Okay, one more. But this is really to show the backside of the case and the connections. You can see my tiny USB drive in there.

Nktb33c.jpg

 

Final shot of cable management before the drives go in.

mW2NzaB.jpg

 

Not too much to look at on the outside…just the way I like it. 

kIpEZZd.jpg

 

The drive just slid right out of here.

B4GGD8z.jpg

 

So here's what I'll be running. Not the best, but eh.

K6uxOoI.jpg

 

Drive number two.

RTlUh8g.jpg

 

Just as easy.

U2yA6wL.jpg

 

Attaching the drive rails.

xflJCRG.jpg

 

Two drives in. 3TB parity, 3TB data so far.

0G27sS2.jpg

 

A little size comparison. It's insanely small.

gsohVGn.jpg

 

All closed up.

o2ygSMU.jpg

 

pDRjrKd.jpg

 

Full Imgur album

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Very nice detailed build with lots of pictures.  BTW, I had to remove the PSU stickers as well to get it into the chassis, it's a very tight fit!

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Very nice detailed build with lots of pictures.  BTW, I had to remove the PSU stickers as well to get it into the chassis, it's a very tight fit!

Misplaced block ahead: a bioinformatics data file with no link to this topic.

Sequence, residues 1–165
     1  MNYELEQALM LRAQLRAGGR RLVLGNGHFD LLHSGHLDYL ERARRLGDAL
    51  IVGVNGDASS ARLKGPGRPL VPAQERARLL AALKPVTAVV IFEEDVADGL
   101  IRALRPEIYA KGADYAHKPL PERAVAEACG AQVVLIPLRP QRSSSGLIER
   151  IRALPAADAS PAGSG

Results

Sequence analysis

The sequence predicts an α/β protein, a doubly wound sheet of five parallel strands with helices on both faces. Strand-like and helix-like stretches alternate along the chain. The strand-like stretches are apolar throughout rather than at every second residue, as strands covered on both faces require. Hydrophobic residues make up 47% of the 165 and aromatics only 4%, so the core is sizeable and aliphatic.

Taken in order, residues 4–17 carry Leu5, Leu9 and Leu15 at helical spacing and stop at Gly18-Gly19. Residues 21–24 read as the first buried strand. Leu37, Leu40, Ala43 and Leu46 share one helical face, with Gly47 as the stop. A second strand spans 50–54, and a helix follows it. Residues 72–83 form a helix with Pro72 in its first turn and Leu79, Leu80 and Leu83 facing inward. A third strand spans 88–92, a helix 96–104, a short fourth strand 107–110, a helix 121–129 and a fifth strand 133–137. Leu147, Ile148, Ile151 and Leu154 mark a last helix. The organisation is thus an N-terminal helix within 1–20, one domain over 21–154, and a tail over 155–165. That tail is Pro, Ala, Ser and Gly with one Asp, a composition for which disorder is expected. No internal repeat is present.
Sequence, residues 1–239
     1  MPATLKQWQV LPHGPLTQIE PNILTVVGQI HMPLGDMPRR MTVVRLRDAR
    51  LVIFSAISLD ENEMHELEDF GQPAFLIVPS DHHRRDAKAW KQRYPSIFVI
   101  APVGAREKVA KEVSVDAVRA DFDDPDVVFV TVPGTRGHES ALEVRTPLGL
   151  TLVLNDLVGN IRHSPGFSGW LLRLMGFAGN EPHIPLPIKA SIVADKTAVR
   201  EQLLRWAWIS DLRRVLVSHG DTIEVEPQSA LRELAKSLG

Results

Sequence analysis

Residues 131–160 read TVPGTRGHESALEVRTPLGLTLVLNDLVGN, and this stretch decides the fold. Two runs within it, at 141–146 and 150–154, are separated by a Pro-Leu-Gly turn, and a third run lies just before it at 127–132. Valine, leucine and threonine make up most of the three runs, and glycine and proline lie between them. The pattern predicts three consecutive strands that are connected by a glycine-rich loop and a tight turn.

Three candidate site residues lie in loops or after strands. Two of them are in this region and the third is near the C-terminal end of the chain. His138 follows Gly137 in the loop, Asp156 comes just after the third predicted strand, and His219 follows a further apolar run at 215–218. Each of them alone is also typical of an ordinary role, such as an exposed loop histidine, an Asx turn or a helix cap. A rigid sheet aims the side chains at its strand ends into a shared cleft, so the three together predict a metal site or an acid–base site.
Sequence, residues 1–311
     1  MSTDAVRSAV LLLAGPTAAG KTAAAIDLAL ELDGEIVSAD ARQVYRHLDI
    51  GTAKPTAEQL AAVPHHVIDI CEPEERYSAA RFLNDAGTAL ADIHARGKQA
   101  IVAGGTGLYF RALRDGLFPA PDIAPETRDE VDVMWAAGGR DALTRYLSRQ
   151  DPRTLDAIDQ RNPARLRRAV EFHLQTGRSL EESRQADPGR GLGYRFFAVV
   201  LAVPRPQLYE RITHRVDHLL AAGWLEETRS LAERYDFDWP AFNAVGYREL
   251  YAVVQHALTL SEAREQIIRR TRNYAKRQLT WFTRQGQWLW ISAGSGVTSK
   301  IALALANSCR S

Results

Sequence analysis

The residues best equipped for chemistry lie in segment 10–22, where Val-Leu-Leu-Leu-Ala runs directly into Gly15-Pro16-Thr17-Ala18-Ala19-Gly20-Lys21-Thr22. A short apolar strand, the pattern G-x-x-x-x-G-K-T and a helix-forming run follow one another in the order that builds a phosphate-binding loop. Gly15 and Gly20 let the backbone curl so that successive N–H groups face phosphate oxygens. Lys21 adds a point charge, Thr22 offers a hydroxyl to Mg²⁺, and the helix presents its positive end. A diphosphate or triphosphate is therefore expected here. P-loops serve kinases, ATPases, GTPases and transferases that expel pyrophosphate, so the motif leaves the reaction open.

I was amazed at how tight of a fit it was!

 

But I wanted to document as much as possible for anyone else trying to do a build as well.

 

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It's indeed a very tight fit if you use a CX430.    I've built several systems with that case -- one with the CX430, but for all the others I've used an SFX power supply [This one:  http://www.newegg.com/Product/Product.aspx?Item=N82E16817256084

and this one:  http://www.newegg.com/Product/Product.aspx?Item=N82E16817256063

 

Fits MUCH better -- the case is nowhere near as crowded.

 

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It's indeed a very tight fit if you use a CX430.    I've built several systems with that case -- one with the CX430, but for all the others I've used an SFX power supply [This one:  http://www.newegg.com/Product/Product.aspx?Item=N82E16817256084

and this one:  http://www.newegg.com/Product/Product.aspx?Item=N82E16817256063

 

Fits MUCH better -- the case is nowhere near as crowded.

 

Maybe if this one dies on me, I'll go with one of those. But at $19.99, I'm not complaining for now!  ;)

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I've been looking at this case as well but there are not many ITX boards with 8 SATA ports.  I read you can fit 7-10 drives in the case.

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I've been looking at this case as well but there are not many ITX boards with 8 SATA ports.  I read you can fit 7-10 drives in the case.